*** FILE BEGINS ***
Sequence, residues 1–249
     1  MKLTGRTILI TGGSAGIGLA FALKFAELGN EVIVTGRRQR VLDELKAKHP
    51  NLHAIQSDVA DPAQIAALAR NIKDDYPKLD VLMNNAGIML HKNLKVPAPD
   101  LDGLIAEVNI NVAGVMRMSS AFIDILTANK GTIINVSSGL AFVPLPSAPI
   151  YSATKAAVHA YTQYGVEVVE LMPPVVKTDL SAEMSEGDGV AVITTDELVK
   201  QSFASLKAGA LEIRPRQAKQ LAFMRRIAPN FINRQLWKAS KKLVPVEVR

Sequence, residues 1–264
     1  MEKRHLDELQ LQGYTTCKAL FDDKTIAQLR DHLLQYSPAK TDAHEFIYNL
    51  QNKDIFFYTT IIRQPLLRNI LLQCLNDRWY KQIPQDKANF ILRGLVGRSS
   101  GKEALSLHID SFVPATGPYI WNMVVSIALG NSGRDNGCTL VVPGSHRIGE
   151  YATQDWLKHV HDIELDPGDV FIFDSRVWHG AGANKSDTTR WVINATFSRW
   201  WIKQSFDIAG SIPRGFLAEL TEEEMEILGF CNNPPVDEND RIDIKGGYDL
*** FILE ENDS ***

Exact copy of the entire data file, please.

Sequence, residues 1–249
     1  MKLTGRTILI TGGSAGIGLA FALKFAELGN EVIVTGRRQR VLDELKAKHP
    51  NLHAIQSDVA DPAQIAALAR NIKDDYPKLD VLMNNAGIML HKNLKVPAPD
   101  LDGLIAEVNI NVAGVMRMSS AFIDILTANK GTIINVSSGL AFVPLPSAPI
   151  YSATKAAVHA YTQYGVEVVE LMPPVVKTDL SAEMSEGDGV AVITTDELVK
   201  QSFASLKAGA LEIRPRQAKQ LAFMRRIAPN FINRQLWKAS KKLVPVEVR

Sequence, residues 1–264
     1  MEKRHLDELQ LQGYTTCKAL FDDKTIAQLR DHLLQYSPAK TDAHEFIYNL
    51  QNKDIFFYTT IIRQPLLRNI LLQCLNDRWY KQIPQDKANF ILRGLVGRSS
   101  GKEALSLHID SFVPATGPYI WNMVVSIALG NSGRDNGCTL VVPGSHRIGE
   151  YATQDWLKHV HDIELDPGDV FIFDSRVWHG AGANKSDTTR WVINATFSRW
   201  WIKQSFDIAG SIPRGFLAEL TEEEMEILGF CNNPPVDEND RIDIKGGYDL